Little mice lead to big problems

With the hotter weather, mice populations across the country have grown. Mice lead to three major problems:
  • Mice spread diseases, such as hantavirus, through their droppings, urine, and saliva. The hantavirus is airborne—it is transmitted to people when they breathe air contaminated with the virus.
  • Food contamination is another threat. Examine your food storage areas and procedures. Ask your kitchen staff to report mice dropping sightings to you immediately.
  • Mice also present a fire safety issue when they chew through electrical wiring. If your building (particularly the dining hall) hasn’t been used for a couple months, it’s a good practice to station someone with a fire extinguisher to look and smell for smoke for about half an hour after the power is turned back on.
The Centers for Disease Control and Prevention (CDC) provide these tips for cleaning up areas where mice are in evidence:
  • When going into cabins or outbuildings that have been closed for awhile, open them up and air them out before cleaning.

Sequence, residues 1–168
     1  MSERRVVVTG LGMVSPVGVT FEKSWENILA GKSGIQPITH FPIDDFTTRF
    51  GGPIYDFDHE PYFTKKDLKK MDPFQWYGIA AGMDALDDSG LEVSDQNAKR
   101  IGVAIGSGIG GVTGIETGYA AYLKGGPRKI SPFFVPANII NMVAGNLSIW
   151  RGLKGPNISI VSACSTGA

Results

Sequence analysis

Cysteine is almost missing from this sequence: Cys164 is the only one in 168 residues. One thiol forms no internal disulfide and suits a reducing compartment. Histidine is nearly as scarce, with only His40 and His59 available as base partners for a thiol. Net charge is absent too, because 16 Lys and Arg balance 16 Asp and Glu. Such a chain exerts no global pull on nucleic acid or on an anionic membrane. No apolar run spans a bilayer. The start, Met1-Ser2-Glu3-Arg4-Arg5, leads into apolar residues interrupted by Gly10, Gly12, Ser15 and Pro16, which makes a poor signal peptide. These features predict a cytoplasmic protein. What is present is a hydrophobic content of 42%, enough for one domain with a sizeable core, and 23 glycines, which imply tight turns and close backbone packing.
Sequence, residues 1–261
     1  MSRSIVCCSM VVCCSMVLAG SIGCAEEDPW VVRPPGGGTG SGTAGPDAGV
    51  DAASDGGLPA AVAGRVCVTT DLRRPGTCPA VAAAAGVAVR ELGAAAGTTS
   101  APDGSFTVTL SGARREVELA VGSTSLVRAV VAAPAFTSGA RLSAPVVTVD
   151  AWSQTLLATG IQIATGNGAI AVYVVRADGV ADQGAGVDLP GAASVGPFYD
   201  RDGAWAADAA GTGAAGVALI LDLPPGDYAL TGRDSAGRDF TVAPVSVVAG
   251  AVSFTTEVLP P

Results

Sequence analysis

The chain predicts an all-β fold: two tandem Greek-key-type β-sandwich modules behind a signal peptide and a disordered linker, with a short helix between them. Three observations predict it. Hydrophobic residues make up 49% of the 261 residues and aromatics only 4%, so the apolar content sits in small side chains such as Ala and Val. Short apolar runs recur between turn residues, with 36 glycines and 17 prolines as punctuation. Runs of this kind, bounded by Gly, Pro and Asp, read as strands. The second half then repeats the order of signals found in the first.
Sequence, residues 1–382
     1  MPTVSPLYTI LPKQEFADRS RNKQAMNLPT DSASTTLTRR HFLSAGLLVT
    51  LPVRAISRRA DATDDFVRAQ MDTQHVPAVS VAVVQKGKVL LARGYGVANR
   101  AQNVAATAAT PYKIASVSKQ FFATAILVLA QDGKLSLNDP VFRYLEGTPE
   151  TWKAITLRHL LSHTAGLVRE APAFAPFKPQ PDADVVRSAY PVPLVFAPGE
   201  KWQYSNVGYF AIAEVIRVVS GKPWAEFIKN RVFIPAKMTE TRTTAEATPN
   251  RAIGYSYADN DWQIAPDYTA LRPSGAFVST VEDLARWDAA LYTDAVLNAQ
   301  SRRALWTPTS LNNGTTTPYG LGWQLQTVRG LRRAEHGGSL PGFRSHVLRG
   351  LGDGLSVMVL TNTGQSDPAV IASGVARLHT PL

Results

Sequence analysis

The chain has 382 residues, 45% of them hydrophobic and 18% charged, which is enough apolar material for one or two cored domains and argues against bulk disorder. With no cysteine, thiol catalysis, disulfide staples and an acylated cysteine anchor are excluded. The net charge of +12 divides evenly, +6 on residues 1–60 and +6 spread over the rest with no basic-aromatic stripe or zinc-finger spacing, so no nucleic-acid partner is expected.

• Wear latex rubber gloves before, during, and after clean up.
  • Do not stir up dust by sweeping up or vacuuming up droppings, urine, or nesting materials.
  • Instead, thoroughly wet contaminated areas with a liquid disinfectant or 10% bleach solution (1-1/2 cups bleach to 1 gallon water) to decontaminate the area.
  • Once everything is wet, take up contaminated materials with a damp towel, then mop or sponge the area with disinfectant.
  • Spray dead rodents with disinfectant, then double-bag along with all cleaning materials and bury or burn—or throw out in appropriate waste disposal system.
  • Finally, disinfect gloves before taking them off. After taking off the clean gloves, thoroughly wash hands with soap and warm water.

The information provided in this article is intended for general informational purposes only and should not be considered as all encompassing, or suitable for all situations, conditions, and environments. Please contact us or your attorney if you have any questions.

For safety or risk management questions or suggestions, please contact Markel.

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